By: Frank Antosiewicz
July 18, 2012
TORRINGTON, CONN. (July 18, 1:30 p.m. ET) — Since being acquired by a private investment group last year, Seitz LLC has been able to focus on its growth and on building its value-added propositions.
The Torrington, Conn.-based company, formerly known as Seitz Corp., was purchased in October 2011 by Andlinger & Co. Inc., a private investment group with offices in the United States and Europe.
Seitz was recently cited by Connecticut Gov. Daniel Malloy with a mid-June visit to highlight the competitiveness of the state’s businesses. It also was honored at a recent Diebold Inc. Supplier Summit in Canton, Ohio. Diebold, which makes ATMs, presented Seitz with its Gold and Supplier Innovation Awards.
“We’re very proud of our relationship with Diebold,” said Seitz President and CEO Mike Sullivan, in a telephone interview.
He said that the infusion of equity capital along with a management gaining a minority stake in the company has allowed Seitz to focus on building its brand and the company’s relationships with original equipment manufacturers. The company makes small-scale motion control and gear train systems. It does work in the business equipment, medical product and food and beverage industries, all of which Sullivan said are growth areas.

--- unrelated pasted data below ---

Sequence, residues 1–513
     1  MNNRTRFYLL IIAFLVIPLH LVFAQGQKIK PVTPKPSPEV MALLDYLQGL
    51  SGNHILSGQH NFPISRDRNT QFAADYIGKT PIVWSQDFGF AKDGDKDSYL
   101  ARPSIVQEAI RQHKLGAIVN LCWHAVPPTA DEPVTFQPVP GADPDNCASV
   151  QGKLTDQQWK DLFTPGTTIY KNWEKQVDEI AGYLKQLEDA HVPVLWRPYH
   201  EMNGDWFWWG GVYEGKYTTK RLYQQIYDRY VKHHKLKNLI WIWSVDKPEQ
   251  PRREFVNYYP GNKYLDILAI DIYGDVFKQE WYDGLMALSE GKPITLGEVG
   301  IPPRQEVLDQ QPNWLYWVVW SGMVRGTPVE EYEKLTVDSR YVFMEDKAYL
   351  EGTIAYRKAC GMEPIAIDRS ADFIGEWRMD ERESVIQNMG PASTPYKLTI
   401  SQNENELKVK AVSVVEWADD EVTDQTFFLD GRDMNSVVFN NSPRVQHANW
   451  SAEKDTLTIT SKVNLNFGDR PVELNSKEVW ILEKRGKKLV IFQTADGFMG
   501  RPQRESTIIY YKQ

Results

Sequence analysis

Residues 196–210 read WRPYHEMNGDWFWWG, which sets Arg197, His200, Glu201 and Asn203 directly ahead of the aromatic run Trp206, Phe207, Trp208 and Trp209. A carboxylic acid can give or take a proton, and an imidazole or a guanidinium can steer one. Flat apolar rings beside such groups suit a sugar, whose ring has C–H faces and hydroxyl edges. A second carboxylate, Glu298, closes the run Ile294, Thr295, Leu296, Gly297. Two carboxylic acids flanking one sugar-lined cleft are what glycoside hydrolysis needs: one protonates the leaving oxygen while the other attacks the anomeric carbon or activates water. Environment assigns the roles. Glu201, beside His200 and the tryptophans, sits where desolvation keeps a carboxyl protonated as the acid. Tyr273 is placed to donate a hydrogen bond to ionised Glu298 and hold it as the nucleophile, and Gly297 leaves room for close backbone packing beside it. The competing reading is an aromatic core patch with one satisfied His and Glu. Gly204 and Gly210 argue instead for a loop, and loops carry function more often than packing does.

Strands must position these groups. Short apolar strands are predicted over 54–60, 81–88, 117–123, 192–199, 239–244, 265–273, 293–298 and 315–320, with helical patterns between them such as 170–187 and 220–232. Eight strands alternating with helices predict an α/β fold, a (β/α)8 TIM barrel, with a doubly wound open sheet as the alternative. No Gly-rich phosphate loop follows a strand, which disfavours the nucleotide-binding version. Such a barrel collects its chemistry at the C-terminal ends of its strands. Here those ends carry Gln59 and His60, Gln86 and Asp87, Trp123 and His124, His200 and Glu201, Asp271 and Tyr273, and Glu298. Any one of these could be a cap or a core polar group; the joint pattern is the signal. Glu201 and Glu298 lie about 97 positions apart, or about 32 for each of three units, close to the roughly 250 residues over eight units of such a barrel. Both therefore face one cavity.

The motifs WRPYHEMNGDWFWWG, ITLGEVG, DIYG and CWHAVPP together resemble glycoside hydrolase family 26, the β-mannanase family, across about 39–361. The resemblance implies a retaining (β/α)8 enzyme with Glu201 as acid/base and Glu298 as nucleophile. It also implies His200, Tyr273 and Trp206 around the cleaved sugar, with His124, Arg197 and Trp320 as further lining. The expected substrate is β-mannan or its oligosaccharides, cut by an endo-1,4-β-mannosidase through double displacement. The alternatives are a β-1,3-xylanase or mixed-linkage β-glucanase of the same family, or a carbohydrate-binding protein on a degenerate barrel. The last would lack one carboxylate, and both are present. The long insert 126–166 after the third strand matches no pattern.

Sullivan said he joined the company five years ago as the family developed an exit plan and the investment of Andlinger was a key to provide funds for the future of the company.
“We have a three-year plan to grow the business,” said Sullivan, noting that it is looking at expansion plans next year.
The company founded in 1949 has 160 employees and operates out of an 85,000 square foot facility. It has 45 injection molding presses. It also owns Seitz Motion Control System Co. Ltd. in Changzhou, China.
“Seitz was awarded the Gold Award which exhibits their excellent performance with on time delivery, lead time reduction, innovative cost reductions and overall service to Diebold,” said Linda Parcher, Diebold’s Chief Procuurement Officer, in a statement.
Diebold also said that the innovation award was based Seitz’ work in co-developing solutions to product development issues.
Sullivan said that the company has transitioned from a “plain vanilla” supplier to one that works with its customers. It offers services ranging from product design and tooling to injection molding and assembly.